MOSUL, Iraq — A fire that raced through a hall hosting a Christian wedding in northern Iraq killed at least 100 people and injured 150 others, the authorities said on Wednesday, warning that the death toll could rise higher.
The fire happened in the Hamdaniya area of Nineveh Province, the authorities said. That is a predominantly Christian area just outside of the city of Mosul, some 205 miles northwest of the capital, Baghdad.
Television footage showed flames rushing over the wedding hall as the fire took hold. In the blaze’s aftermath, only charred metal and debris could be seen as people walked through the scene, the only light coming from television cameras and onlookers’ mobile phones.
Survivors arrived at local hospitals, receiving oxygen and bandages, as family members milled through hallways and outside.
A Health Ministry spokesman, Saif al-Badr, gave the casualty figures via the state-run Iraqi News Agency.
“All efforts are being made to provide relief to those affected by the unfortunate accident,” Mr. al-Badr said.
Prime Minister Mohammed Shia al-Sudani ordered an investigation into the fire and asked officials with Iraq’s interior and health ministries to provide relief, his office said in a statement online.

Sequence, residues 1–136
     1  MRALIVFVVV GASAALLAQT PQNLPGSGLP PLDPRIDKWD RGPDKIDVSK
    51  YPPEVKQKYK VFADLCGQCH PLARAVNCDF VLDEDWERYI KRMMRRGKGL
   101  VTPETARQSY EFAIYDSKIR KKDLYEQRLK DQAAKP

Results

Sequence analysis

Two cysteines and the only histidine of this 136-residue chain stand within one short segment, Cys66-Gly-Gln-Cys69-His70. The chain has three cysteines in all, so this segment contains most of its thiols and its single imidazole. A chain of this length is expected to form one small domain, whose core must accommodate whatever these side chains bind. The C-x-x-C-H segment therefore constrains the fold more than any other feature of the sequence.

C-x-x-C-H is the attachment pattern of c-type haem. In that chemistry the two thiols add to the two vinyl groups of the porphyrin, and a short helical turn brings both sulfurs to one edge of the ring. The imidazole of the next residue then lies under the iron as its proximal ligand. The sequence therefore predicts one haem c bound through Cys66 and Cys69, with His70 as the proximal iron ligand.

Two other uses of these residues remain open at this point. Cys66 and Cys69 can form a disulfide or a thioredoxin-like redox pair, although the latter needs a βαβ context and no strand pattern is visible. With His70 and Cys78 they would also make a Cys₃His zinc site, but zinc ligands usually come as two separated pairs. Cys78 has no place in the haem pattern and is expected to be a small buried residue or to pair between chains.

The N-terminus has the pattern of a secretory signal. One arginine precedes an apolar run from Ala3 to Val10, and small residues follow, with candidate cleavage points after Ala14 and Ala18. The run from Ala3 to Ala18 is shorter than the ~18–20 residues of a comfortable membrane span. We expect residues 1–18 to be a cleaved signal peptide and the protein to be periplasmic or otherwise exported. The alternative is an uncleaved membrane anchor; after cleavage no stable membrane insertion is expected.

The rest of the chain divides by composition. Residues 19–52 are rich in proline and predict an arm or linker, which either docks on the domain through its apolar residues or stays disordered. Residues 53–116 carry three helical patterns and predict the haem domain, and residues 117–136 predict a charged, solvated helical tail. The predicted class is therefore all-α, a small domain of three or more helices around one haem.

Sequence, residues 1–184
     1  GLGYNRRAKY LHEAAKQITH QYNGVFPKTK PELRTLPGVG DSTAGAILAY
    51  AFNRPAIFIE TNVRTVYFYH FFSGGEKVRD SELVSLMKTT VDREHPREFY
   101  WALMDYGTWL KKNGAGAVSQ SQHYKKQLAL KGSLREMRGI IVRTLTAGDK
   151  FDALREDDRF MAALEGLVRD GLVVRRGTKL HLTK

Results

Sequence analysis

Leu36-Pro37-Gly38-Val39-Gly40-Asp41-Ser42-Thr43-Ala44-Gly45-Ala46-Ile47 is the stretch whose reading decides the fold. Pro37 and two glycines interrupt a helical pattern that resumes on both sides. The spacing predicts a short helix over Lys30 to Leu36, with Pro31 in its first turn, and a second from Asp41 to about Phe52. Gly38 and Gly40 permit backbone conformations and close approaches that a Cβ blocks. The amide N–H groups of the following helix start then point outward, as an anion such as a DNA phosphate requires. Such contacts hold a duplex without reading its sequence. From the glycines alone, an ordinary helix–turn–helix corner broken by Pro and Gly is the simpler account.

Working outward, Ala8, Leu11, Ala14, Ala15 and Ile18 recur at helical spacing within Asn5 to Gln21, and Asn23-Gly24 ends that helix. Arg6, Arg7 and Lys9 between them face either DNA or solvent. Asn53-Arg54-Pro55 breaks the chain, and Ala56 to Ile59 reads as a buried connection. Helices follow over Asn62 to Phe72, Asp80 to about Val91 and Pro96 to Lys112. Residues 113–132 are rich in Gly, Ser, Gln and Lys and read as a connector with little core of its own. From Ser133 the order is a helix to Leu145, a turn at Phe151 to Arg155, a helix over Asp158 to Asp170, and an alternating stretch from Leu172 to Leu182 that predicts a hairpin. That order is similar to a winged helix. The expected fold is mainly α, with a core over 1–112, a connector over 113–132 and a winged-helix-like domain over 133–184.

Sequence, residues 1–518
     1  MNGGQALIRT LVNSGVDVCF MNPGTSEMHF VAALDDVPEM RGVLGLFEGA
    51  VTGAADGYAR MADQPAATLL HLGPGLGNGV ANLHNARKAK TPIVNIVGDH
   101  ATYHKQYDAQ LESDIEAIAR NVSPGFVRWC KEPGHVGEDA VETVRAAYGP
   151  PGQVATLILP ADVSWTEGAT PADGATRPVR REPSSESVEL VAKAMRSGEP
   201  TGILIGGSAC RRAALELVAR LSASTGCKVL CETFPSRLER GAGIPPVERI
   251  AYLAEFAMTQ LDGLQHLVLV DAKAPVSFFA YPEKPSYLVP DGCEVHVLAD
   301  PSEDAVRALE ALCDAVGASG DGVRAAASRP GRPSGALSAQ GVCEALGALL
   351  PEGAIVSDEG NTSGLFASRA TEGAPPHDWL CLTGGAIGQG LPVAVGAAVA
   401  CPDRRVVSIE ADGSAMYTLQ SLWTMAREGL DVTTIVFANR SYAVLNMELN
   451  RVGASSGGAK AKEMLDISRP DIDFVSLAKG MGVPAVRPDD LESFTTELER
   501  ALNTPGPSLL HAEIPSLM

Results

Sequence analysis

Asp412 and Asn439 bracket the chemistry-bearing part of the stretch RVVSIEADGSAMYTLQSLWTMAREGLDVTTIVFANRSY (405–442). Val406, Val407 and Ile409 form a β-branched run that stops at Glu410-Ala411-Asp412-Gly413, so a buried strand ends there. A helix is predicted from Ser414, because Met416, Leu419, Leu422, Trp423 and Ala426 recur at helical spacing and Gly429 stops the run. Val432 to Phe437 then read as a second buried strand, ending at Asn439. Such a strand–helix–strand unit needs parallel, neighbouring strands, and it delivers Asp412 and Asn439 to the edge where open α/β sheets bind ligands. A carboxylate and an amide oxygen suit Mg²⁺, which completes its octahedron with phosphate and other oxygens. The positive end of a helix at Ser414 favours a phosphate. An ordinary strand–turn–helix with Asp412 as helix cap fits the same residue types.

Najim al-Jubouri, the provincial governor of Nineveh, said some of the injured had been transferred to regional hospitals. He cautioned that there were not yet final casualty figures from the blaze, which suggested that the death toll might rise further.
There was no immediate official word on the cause of the blaze, but initial reports by the Kurdish television news channel Rudaw suggested that fireworks at the venue may have started it.
Civil defense officials quoted by the Iraqi News Agency described the wedding hall’s exterior as being decorated with highly flammable cladding that is illegal in the country.
It wasn’t immediately clear why the authorities had allowed the cladding to be used in the hall, but corruption and mismanagement remain endemic in Iraq two decades after the U.S.-led invasion that toppled Saddam Hussein.
While some types of cladding can be made with fire-resistant material, experts say the kinds that caught fire at the wedding hall, and have caught fire elsewhere, weren’t designed to meet strict safety standards, and have often been put into buildings without any breaks that would slow or halt a possible blaze. Such cladding was a factor in the 2017 fire at Grenfell Tower in London, which killed 72 people, and in multiple high-rise fires in the United Arab Emirates.
The fire in Iraq was the latest disaster to strike the country’s shrinking Christian minority, which over the past two decades has been violently targeted by extremists, first from Al Qaeda and later from the Islamic State militant group. Although the Nineveh plains, the historic homeland of Iraqi Christians, were wrested back from the Islamic State six years ago, some towns there are still mostly rubble and lack basic services. Many Christians have left for Europe, Australia or the United States.
The number of Christians in Iraq today is estimated at 150,000, compared to 1.5 million in 2003. Iraq’s total population is more than 40 million.
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